You will have built up a substantial portfolio of compositions and creative projects during the course.

Our course emphasises and encourages skills in technology, communication, IT, evaluation, analysis, collaboration and organisation, and enables you to go on to compose, arrange, perform, produce, record and engage in sound design.

With these skills and experiences, our graduates go on to work in an amazing range of careers, such as:

  • freelance professional musicians and composers
  • work in the arts sector
  • in publishing
  • arts administration
  • producing events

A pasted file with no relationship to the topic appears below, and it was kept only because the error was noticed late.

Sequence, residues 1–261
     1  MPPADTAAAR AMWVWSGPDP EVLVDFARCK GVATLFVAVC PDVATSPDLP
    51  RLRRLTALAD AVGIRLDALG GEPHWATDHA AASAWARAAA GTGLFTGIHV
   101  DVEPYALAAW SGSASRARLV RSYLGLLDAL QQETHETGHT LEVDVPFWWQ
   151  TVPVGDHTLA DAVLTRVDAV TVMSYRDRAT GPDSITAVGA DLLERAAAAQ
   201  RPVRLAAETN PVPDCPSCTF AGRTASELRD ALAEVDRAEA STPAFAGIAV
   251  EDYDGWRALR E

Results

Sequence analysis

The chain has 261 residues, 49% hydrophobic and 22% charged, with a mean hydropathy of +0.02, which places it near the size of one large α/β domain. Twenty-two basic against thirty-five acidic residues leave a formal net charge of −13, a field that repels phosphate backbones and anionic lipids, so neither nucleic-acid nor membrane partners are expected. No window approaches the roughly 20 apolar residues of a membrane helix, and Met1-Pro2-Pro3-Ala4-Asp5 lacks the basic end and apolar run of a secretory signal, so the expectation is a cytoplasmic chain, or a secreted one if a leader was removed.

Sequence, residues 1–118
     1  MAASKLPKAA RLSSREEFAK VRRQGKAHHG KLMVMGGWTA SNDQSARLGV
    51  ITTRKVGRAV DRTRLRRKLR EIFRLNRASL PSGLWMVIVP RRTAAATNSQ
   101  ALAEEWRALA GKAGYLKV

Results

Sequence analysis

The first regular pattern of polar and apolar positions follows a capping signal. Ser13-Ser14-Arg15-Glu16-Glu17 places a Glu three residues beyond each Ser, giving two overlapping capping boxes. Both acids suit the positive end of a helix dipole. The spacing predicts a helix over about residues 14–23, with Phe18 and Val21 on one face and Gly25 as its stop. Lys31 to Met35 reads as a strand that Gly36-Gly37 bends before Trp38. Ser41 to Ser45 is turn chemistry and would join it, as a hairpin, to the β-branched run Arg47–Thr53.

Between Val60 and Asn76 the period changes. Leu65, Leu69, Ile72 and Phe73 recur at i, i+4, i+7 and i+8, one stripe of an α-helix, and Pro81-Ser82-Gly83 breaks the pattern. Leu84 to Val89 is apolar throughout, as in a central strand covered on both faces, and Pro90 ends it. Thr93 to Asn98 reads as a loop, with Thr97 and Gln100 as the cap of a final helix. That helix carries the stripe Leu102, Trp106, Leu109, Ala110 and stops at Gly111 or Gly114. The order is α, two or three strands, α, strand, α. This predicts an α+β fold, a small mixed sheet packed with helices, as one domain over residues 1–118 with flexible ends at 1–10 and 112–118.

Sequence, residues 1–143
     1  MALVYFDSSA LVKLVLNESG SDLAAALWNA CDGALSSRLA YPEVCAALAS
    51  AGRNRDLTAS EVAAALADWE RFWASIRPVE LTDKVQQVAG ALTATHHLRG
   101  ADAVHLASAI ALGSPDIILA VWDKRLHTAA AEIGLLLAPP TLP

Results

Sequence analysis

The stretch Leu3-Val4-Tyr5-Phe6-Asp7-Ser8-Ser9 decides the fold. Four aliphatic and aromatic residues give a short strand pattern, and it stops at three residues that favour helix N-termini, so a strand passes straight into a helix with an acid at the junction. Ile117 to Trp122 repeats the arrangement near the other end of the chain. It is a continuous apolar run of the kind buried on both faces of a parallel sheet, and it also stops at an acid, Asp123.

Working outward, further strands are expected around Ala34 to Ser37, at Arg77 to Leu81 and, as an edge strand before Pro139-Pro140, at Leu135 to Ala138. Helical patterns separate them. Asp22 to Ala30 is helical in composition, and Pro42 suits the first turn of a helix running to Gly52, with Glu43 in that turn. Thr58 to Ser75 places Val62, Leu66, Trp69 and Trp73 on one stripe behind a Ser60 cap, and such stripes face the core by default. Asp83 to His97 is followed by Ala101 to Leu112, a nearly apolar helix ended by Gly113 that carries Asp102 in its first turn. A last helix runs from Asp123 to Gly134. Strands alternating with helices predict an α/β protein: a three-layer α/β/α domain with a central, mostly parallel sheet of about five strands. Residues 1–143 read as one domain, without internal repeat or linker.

• radio broadcasting
  • writing and lecturing.

You also gain the skills to go on to do research, teaching in schools, music journalism, writing music for video games and running your own music production company.

Working while you study

Our Careers and Employability Centre can help you find part-time work while you study. Find out more about career development and part-time work

Contact us